122:9.1 Moses had taught the Jews that every first-born son belonged to the Lord, and that, in lieu of his sacrifice as was the custom among the heathen nations, such a son might live provided his parents would redeem him by the payment of five shekels to any authorized priest. There was also a Mosaic ordinance which directed that a mother, after the passing of a certain period of time, should present herself (or have someone make the proper sacrifice for her) at the temple for purification. It was customary to perform both of these ceremonies at the same time. Accordingly, Joseph and Mary went up to the temple at Jerusalem in person to present Jesus to the priests and effect his redemption and also to make the proper sacrifice to insure Mary's ceremonial purification from the alleged uncleanness of childbirth.
122:9.2 There lingered constantly about the courts of the temple two remarkable characters, Simeon a singer and Anna a poetess. Simeon was a Judean, but Anna was a Galilean. This couple were frequently in each other's company, and both were intimates of the priest Zacharias, who had confided the secret of John and Jesus to them. Both Simeon and Anna longed for the coming of the Messiah, and their confidence in Zacharias led them to believe that Jesus was the expected deliverer of the Jewish people.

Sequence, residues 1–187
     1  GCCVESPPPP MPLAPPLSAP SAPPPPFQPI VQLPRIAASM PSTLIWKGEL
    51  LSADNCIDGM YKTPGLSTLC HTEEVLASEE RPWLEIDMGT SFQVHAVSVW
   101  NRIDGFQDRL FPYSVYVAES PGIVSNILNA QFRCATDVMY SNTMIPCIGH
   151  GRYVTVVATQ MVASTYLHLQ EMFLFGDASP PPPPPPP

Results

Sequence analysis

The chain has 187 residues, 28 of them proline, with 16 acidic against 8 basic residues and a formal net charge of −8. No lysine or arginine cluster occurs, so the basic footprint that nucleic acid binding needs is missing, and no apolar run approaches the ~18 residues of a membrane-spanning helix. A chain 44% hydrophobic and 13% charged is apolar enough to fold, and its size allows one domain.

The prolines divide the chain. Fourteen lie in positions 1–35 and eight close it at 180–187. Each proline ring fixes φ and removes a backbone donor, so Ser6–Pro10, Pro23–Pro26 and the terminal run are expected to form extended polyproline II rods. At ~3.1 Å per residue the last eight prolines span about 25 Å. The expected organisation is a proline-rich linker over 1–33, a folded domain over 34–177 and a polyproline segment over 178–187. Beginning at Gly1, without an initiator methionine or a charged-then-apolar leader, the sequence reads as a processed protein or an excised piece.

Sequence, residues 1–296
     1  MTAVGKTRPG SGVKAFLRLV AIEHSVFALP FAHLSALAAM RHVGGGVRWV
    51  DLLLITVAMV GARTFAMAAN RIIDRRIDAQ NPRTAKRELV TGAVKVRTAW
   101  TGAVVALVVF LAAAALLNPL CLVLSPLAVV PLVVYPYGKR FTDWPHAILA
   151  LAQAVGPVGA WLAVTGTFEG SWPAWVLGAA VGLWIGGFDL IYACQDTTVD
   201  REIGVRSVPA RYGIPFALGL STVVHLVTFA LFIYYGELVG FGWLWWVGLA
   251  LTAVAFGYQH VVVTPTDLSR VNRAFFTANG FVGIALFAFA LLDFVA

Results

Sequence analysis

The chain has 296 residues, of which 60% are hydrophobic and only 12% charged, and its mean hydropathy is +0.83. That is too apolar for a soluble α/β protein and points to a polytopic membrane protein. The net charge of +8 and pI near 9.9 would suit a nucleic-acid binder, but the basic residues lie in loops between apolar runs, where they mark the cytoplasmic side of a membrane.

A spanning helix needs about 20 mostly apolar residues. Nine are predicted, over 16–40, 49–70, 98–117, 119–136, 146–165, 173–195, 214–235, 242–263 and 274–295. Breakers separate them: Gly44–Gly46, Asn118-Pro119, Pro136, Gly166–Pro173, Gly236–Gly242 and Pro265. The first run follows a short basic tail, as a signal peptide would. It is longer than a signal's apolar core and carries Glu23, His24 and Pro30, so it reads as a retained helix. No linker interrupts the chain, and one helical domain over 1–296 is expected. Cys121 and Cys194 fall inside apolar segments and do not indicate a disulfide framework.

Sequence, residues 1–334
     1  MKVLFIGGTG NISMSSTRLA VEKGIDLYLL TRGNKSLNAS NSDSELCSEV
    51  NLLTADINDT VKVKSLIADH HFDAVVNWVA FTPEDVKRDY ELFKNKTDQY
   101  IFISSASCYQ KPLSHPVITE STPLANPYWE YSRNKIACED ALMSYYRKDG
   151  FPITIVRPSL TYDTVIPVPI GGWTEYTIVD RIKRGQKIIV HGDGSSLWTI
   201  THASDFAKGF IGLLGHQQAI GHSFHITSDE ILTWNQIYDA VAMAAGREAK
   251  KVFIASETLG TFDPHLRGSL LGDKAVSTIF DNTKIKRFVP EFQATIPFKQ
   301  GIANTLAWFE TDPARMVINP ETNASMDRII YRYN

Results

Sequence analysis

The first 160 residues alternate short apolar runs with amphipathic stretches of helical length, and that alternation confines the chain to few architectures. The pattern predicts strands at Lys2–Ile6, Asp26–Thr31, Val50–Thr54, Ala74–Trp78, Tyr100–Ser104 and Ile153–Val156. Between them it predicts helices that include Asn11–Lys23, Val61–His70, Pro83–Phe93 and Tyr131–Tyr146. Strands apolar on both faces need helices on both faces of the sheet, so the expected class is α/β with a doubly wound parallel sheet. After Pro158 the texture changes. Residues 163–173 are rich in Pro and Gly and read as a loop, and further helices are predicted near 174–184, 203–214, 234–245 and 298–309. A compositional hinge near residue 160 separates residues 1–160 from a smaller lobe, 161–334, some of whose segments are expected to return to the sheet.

122:9.3 Zacharias knew the day Joseph and Mary were expected to appear at the temple with Jesus, and he had prearranged with Simeon and Anna to indicate, by the salute of his upraised hand, which one in the procession of first-born children was Jesus.
122:9.4 For this occasion Anna had written a poem which Simeon proceeded to sing, much to the astonishment of Joseph, Mary, and all who were assembled in the temple courts. And this was their hymn of the redemption of the first-born son:
122:9.6 On the way back to Bethlehem, Joseph and Mary were silent -- confused and overawed. Mary was much disturbed by the farewell salutation of Anna, the aged poetess, and Joseph was not in harmony with this premature effort to make Jesus out to be the expected Messiah of the Jewish people.